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Then and Now 

Iraq through the lens of Vietnam

Thursday, Apr 17 2003
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And who’s going to say anything good about Hussein? Except, of course, you see the same stories I see, that people in Arab nations nearby are saying that it’s kind of good to see the Americans get their eyes bloodied a little.

Did you expect weapons of mass destruction to turn up?

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I don’t know if I should even say this, but we live in Los Angeles, where we’ve been through the Rampart scandal. There’s a part of me that says if we didn’t find evidence of weapons of mass destruction, is it above the CIA to truck in some laboratory equipment to justify the invasion — the way the cops have a spare gun to throw down when an unarmed man is shot to death?

When I first went to Vietnam, that thought would have been impossible for me. But, you know, you watch your government do so many things that you disapprove of — like the CIA unseating democratically elected governments. You just cannot think that because it’s our country, the land of Jefferson and Madison, that we don’t do these things. I know we’ve done them in the past.

It’s striking how resolute and sure of himself Bush seems, whether cutting taxes or launching a war.

The smart people I’ve known have never been quite so sure about anything. I think it’s the confidence of the semi-educated. And that he’s convinced himself that God is on his side. For the first couple of years of this administration, I bought into the idea that he appointed someone like Ashcroft to be attorney general to satisfy the right wing. It took quite a while for me to wake up to the fact that he is the right wing. It’s not that he’s this more sophisticated man who needs to appease the right wing because he saw how they could savage his father. He is a true believer.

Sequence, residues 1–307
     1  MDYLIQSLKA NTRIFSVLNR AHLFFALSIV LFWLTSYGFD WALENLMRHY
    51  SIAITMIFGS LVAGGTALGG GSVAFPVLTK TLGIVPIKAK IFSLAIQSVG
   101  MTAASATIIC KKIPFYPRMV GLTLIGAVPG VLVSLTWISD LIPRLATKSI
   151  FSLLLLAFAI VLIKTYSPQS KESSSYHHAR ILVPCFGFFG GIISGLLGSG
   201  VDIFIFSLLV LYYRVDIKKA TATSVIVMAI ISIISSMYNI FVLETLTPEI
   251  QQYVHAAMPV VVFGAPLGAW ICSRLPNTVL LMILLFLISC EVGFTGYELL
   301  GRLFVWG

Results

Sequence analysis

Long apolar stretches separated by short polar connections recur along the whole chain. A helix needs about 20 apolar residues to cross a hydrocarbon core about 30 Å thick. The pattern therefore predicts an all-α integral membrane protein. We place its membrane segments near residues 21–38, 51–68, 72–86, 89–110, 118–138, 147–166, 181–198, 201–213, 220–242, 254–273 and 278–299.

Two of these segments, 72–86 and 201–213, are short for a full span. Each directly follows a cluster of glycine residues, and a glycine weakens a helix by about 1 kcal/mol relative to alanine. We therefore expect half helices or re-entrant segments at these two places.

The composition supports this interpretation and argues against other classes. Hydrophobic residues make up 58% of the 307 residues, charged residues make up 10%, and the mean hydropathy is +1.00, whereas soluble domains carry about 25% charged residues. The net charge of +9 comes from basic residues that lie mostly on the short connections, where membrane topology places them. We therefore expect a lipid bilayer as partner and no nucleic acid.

Bush has that look of somebody who isn’t going to back down. There’s something so young about him anyway. Not even adolescent, it’s younger than that. He looks like a kind of superannuated 7-year-old who has his fingers in a fist and he is just not going to back down. And that’s not good.

Of all the presidents in my lifetime and for the first 12 years it was Franklin Roosevelt, which set a pretty high standard — I would’ve thought the worst president we could imagine would be Nixon. He had all that paranoia and all that really deep-seated hatred of people. I thought, "We’ll never have a worse president than Richard Nixon." But he wasn’t dumb.

This man, Bush, is, in some ways, more alarming because I don’t think he can be reasoned with. Now, it may be that [presidential political adviser] Karl Rove will see that certain things have to be changed or modified and that Bush would listen. But just on the merits of an argument, I don’t think you could ever get through to him. And that isn’t really the kind of person you want leading your country.

Of course, you don’t need an intellectual to lead the country. In fact, maybe that would be a bad thing. Maybe an intellectual should always be second or third or fourth in command. What you need is somebody like [former Supreme Court Chief Justice] Earl Warren, who was nobody’s idea of brilliant, including his own. But when he leaned across the bench and asked, "Is it fair?," he summed up an approach you want in your leaders. And I don’t see that quality in George W. Bush.

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